The state has embraced ambitious energy goals under the 2019 Energy Master Plan, and today the Senate Environment and Energy Committee approved Senator Kip Bateman’s bill codifying those targets.
Legislation sponsored by Senator Kip Bateman to codify ambitious clean energy goals endorsed by the state under the 2019 Energy Master Plan cleared the Senate Environment and Energy Committee. (Pixabay)
“These are the goals we are aiming for, and these are the goals we will achieve,” said Bateman (R-16). “The numbers reflect a very aggressive approach, but technological advancements make them feasible, and with the support of New Jersey residents, we are already making strides in the right direction.”
As spelled out in the bill (S-3667), in the fiscal year following the rollout of appropriate charging infrastructure, at least half of the light duty passenger vehicles purchased by the Department of the Treasury are to be electric vehicles.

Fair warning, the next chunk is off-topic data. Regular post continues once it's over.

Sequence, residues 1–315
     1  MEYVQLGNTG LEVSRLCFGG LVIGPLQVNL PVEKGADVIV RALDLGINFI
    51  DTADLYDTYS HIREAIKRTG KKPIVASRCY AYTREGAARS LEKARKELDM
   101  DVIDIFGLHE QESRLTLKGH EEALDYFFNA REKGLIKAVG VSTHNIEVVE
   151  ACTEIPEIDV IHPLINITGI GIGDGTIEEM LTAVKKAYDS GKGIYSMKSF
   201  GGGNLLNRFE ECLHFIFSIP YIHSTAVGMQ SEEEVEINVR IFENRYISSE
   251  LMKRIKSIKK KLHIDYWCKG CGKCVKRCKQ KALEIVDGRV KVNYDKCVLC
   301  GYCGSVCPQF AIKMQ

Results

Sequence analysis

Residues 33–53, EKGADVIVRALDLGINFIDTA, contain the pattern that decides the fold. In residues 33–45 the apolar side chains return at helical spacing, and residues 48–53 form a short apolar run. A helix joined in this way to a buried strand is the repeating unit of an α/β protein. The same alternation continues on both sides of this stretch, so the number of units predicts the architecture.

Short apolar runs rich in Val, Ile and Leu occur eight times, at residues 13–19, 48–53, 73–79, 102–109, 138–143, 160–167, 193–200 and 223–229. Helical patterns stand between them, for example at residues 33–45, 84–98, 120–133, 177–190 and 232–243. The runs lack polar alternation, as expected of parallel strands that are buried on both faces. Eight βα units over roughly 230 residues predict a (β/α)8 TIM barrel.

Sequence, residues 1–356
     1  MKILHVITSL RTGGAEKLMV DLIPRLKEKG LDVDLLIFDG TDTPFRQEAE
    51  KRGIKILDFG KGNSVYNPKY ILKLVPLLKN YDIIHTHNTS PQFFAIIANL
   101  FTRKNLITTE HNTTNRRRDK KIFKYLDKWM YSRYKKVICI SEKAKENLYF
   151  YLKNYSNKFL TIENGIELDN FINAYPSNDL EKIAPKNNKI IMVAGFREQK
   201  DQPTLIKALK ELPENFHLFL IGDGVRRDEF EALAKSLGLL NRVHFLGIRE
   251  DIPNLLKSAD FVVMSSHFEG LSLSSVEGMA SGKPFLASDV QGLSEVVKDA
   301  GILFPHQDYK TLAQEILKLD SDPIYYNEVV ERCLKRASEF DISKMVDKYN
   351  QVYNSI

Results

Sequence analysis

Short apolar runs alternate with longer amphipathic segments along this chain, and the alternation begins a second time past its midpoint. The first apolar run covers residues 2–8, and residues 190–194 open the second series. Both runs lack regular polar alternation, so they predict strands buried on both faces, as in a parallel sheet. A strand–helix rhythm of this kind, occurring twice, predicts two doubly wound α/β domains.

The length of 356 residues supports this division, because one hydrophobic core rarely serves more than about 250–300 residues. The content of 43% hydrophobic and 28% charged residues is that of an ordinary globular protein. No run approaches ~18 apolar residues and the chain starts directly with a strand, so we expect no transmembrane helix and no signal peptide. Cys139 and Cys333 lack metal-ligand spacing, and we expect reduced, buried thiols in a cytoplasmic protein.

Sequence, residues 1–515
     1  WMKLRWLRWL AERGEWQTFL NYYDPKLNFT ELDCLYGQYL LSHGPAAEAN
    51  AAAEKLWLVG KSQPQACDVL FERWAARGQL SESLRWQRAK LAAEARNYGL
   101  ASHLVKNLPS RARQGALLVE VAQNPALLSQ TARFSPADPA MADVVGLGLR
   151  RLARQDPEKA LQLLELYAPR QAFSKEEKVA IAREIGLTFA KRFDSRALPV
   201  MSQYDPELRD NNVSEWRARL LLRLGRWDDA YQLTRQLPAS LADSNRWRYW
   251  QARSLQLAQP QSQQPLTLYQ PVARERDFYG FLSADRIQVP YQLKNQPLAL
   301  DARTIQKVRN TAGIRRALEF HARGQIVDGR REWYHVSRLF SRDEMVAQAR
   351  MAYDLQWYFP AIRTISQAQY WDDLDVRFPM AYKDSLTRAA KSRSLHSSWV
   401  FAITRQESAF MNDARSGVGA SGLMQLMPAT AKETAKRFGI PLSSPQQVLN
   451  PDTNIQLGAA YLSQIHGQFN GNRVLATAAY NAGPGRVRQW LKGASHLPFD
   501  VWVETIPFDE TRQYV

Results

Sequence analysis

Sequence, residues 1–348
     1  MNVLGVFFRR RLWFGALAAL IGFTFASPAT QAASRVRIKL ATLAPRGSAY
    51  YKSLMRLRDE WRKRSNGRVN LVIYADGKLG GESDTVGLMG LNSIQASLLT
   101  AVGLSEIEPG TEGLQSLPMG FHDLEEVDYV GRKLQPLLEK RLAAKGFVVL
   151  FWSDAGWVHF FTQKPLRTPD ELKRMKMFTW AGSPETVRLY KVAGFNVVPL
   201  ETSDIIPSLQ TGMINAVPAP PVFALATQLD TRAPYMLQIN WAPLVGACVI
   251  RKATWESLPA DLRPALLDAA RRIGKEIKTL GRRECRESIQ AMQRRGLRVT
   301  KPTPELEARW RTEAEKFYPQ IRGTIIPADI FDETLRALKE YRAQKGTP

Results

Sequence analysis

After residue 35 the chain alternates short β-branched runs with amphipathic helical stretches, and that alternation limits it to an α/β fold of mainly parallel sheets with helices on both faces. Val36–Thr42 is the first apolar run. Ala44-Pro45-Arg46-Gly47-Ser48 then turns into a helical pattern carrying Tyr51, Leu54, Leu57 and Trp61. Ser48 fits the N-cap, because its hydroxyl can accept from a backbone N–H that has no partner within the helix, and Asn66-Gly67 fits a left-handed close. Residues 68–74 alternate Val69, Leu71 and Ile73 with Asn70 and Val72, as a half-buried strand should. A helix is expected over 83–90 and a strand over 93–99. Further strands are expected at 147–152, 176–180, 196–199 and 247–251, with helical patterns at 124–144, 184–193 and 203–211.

By 2025, the goals are: as least 330,000 light-duty electric vehicles registered in the state; New Jersey Transit shall operate at least one battery electric train; the Port Authority of New York and New Jersey (PANYNJ) shall emit 35 percent less greenhouse gases than the authority did in 2006; a minimum of 50 percent of the light duty vehicles owned by PANYNJ shall be electric powered; and at least 35 percent of the electricity used in the state shall be produced by renewable sources.
“We are at the starting line of a complete transition of the way New Jersey is powered,” Bateman said. “This will be one of the most environmentally transformative eras since the industrial revolution, and this time we will be clearing the air.”
Also codified by the bill: by 2030, half the electricity used in New Jersey shall be from renewable sources, and offshore wind facilities in the state shall generate at least 3.5 gigawatts of power; those offshore facilities shall be producing 7.5 gigawatts by 2035, and the same year electric power utilities in the state shall possess energy storage systems capable of discharging to the grid two gigawatts of power for at least 24 hours; and beginning in 2023.
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